University of Virginia Library



This School is divided into two distinct classes—one of
History, and one of Literature and Rhetoric. To each, two
Lectures in the week are regularly devoted; but exercises
in literary composition are required from the members of
the Literary Class. Each study may be pursued separately.


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In the Historical Class the successions, revolutions, and
various aspects of the principal nations of the world are
considered in such a manner as to afford a general and connected
view of the progress of political and social organizations.
Institutions and laws are noted as the manifestations
of different phases of society; an attempt is made to discover
and elucidate the conditions of historical advancement, and
to refer the changes of nations and governments to the operation
of regular principles.

In the absence of appropriate Text-Books, the following
are employed for study and reference:

Schmitz's Manual of Ancient History; Smith's History of
Greece; Gibbon, Abridged by Smith; Taylor's Manual of
Modern History.

For reference: Long's Ancient Atlas; Appleton's (College)
Atlas, or Chambers' Atlas; Blair's Chronology (Bohn's

In the Class of Literature and Rhetoric, the English
Language, English Composition, Rhetoric and the English
Classics, with the History of English Literature, are studied.

The origin, growth and philological peculiarities of the
Language are considered; the various influences, domestic
and external, by which it has been brought to its present
condition are explained; the general principles of Rhetoric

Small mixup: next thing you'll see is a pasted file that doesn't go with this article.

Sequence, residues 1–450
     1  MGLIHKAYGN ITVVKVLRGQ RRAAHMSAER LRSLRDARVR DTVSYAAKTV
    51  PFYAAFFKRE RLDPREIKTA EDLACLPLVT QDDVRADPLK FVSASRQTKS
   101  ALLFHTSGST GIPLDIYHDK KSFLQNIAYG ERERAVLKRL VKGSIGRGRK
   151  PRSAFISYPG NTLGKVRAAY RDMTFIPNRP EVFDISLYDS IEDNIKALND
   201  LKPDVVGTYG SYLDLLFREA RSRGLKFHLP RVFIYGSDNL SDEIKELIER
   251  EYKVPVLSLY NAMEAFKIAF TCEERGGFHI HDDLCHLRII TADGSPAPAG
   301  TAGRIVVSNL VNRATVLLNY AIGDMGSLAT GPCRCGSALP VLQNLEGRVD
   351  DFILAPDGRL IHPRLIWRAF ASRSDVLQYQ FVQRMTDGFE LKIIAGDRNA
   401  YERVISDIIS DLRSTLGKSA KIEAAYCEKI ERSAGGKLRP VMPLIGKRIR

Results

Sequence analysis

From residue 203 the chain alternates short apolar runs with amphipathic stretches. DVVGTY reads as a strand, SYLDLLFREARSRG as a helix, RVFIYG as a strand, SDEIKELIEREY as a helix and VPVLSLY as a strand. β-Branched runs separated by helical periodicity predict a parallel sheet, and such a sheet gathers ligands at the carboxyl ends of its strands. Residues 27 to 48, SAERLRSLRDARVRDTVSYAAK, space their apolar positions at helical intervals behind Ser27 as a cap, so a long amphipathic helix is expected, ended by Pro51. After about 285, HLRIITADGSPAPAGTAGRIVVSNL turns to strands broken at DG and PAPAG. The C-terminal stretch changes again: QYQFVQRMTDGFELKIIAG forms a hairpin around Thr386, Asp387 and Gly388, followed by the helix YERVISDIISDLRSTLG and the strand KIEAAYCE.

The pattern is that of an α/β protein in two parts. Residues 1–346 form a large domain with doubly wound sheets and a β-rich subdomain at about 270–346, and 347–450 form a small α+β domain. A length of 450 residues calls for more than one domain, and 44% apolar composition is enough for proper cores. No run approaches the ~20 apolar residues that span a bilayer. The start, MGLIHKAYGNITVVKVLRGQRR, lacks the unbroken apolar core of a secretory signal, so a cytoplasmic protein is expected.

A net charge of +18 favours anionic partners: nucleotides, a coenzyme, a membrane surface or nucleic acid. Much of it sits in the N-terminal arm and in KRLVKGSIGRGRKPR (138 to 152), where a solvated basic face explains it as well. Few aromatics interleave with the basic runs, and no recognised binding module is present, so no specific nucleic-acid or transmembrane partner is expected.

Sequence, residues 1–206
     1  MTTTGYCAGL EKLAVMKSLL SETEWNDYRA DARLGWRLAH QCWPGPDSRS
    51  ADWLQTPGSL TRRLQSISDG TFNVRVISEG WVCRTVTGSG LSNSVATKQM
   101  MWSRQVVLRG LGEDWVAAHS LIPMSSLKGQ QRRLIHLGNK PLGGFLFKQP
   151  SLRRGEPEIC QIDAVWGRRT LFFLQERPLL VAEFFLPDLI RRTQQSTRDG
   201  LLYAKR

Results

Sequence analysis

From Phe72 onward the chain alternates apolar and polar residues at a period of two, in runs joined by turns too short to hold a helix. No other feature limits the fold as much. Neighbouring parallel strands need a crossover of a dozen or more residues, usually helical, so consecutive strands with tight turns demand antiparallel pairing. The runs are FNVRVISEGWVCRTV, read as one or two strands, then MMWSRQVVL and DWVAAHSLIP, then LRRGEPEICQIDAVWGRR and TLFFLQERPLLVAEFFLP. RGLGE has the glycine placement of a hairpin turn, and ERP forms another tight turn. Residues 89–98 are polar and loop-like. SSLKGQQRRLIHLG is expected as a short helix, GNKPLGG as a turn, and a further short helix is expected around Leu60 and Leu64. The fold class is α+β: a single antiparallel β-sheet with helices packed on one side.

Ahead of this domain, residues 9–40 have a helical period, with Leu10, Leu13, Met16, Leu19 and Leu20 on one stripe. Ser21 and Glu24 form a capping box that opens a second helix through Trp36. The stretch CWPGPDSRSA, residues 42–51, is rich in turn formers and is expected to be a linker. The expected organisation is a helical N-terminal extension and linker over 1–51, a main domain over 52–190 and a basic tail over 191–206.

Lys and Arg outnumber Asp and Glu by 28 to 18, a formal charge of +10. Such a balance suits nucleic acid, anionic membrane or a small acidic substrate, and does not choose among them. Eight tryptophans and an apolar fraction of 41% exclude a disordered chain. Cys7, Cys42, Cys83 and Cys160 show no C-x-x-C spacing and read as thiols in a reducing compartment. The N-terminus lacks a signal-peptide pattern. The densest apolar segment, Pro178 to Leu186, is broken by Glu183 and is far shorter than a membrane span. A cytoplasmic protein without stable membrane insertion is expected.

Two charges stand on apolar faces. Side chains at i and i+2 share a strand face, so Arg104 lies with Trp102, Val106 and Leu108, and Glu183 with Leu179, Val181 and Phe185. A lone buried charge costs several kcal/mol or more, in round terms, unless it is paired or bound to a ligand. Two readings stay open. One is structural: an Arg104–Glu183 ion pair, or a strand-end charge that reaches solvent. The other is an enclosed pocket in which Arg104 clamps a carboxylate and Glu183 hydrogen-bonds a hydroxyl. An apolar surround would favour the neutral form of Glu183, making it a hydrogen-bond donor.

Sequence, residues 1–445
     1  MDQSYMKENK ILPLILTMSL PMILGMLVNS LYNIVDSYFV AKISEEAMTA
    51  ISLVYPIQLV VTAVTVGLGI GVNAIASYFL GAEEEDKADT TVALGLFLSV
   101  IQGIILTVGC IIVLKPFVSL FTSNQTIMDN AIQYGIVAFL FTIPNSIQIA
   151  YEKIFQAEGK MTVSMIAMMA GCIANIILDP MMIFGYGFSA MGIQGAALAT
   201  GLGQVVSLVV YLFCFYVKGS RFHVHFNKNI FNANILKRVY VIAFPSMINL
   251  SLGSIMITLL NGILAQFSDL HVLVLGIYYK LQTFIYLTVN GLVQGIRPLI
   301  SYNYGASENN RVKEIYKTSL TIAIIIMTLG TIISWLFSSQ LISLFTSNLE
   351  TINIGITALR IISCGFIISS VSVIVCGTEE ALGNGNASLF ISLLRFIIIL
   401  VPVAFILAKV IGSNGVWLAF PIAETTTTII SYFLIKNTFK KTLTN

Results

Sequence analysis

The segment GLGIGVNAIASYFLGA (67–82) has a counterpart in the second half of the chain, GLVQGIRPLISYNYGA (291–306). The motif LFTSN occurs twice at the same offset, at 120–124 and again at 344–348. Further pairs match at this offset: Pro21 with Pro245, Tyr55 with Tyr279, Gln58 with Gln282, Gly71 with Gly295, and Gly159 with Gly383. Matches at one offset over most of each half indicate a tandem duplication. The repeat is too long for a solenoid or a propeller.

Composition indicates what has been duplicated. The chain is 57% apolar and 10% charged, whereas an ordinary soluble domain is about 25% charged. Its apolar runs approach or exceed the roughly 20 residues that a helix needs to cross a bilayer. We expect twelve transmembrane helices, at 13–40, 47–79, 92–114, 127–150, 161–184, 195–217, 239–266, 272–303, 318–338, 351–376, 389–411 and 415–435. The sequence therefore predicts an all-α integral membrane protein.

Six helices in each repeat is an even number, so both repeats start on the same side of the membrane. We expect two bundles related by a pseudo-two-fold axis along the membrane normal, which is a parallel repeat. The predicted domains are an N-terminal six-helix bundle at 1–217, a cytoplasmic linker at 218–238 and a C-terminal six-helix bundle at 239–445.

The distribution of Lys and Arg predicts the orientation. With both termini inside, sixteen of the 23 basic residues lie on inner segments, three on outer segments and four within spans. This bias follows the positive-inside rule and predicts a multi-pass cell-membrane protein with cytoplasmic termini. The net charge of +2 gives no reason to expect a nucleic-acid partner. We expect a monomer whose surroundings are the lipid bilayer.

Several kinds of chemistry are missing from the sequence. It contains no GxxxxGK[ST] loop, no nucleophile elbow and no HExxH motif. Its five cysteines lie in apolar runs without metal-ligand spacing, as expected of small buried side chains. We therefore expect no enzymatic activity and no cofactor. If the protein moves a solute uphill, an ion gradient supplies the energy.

and Criticism are taught; the lives of the most eminent
authors in the language are treated in their historical order
and connection; and the critical examination and appreciation
of their chief productions occupy much of the time of
the student. The class will also be required to practice
Literary Composition.

Text-Books in this department are very deficient. The
following will be used for the present:

Angus's Hand Book of the English Tongue; Jamieson's
Grammar of Rhetoric; Shaw's Complete Manual of English
Literature, Ed. Smith and Tuckerman; Student's Specimens
of English Literature, Ed. Shaw and Smith, London:

Shakspeare's Complete Works; Milton's Poetical Works.

For instruction in Oratory or spoken composition, those
portions of Dr. Broadus's Treatise on the Preparation and
Delivery of Sermons, which are appropriate to secular purposes,
are specially commended.


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In the Class of Political Economy, temporarily connected
with this School, the Text-Books, heretofore and still used,
are Say's Political Economy and Mill's (J. S.) Political
Economy. Two lectures a week are given.